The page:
Dubious distinction for two priests divides congregation

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The Independent Online
An ecclesiastical court has allowed two living clergymen the dubious distinction of being depicted as limestone gargoyles in a parish church.

Plans for the gargoyles had divided the congregation of the 13th century St Peter's in Oundle, Northamptonshire. Four parishioners were boycotting services, claiming that gargoyles should only be made of the dead.

Yesterday, in an 87-page judgment, Judge Thomas Coningsby, Chancellor of Peterborough diocese, said there was no aesthetic or legal reason why the two churchmen should not be made into gargoyles.

The former Bishop of Peterborough, the Right Rev Bill Westwood, and the church's former vicar, Canon Lloyd Caddick, will now be recreated as 6in- high limestone carvings.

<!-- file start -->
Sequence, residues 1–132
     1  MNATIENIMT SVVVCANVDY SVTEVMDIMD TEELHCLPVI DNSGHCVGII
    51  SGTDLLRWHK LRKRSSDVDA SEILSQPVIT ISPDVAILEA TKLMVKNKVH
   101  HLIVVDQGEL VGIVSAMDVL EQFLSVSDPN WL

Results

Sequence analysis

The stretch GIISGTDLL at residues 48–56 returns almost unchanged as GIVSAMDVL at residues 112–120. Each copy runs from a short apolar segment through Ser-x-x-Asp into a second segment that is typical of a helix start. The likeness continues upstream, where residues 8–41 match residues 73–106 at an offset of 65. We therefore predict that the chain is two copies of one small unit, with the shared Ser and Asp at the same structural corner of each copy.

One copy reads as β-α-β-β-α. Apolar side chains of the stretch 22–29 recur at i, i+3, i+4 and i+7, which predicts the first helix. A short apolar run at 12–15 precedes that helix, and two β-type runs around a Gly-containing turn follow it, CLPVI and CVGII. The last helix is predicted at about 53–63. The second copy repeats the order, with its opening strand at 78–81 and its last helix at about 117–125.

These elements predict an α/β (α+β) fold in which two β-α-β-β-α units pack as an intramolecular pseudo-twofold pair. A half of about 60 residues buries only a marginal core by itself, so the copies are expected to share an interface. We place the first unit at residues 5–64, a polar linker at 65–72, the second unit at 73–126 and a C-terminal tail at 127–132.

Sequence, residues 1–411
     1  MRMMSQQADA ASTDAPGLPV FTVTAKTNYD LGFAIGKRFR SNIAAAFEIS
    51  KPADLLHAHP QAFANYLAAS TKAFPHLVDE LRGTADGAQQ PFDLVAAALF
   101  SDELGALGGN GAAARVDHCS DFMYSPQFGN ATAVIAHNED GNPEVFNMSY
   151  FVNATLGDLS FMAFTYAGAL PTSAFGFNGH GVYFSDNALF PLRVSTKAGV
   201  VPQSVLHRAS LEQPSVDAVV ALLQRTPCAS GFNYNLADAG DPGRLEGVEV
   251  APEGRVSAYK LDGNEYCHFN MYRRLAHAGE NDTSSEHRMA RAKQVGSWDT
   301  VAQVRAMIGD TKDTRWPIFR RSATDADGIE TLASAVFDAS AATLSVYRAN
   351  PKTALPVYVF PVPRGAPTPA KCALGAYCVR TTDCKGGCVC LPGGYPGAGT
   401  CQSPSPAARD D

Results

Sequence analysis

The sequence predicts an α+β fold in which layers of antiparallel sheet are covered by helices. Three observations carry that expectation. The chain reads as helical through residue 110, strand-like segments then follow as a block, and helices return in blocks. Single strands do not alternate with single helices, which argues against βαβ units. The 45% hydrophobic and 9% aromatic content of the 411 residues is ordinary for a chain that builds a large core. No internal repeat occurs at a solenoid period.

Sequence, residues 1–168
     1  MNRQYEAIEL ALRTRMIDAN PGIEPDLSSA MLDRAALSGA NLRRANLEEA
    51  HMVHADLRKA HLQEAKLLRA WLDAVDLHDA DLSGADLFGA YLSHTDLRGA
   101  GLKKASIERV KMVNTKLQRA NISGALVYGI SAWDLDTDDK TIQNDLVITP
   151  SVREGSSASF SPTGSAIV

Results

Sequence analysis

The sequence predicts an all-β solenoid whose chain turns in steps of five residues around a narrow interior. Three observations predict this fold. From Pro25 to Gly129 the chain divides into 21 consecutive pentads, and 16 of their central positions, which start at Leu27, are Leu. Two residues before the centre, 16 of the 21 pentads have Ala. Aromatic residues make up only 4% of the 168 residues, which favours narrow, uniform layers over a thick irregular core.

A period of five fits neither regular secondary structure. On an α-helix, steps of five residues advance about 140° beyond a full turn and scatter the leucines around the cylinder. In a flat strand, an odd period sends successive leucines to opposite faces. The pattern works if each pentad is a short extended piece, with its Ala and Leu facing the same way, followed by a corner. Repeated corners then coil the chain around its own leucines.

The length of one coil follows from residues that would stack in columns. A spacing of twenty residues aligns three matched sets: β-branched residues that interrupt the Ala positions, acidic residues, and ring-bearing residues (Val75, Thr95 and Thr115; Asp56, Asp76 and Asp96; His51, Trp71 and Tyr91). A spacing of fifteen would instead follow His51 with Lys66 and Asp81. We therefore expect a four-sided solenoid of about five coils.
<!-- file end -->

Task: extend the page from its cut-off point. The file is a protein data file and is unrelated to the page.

The news will not be well-received by David Ritchie and his wife Margaret and Graham Gent and his wife Sandra, who turned up at a special hearing of the ecclesiastical court in the church last month to object to the gargoyle proposals.

They have not attended the church since the gargoyle affair first reared its head last year.

In his judgment, Judge Coningsby, expressed regret that the dispute had turned ugly. "There was fault on both sides in the way in which the dispute over the carved heads was conducted," he said. "Unfortunately it is possible for the most sincere people to be wrong about certain matters, and that is what has occurred here."

The legal costs are to be divided between both sides.

Canon Caddick, the church's former vicar who still lives in Oundle, said:"Now it is over we can heal the wounds that have been caused by both sides. It will take time and sensitivity from everyone who is involved."

But he declined to face up to the judge's criticisms of the dispute. He said: "I haven't had time to read it. I can't comment on that."

He hoped, however, that the four objecting parishioners had not been scared off from the church and that they would return for services in the near future.

The two stone carvings will cost around pounds 600, which will be met by private donations.

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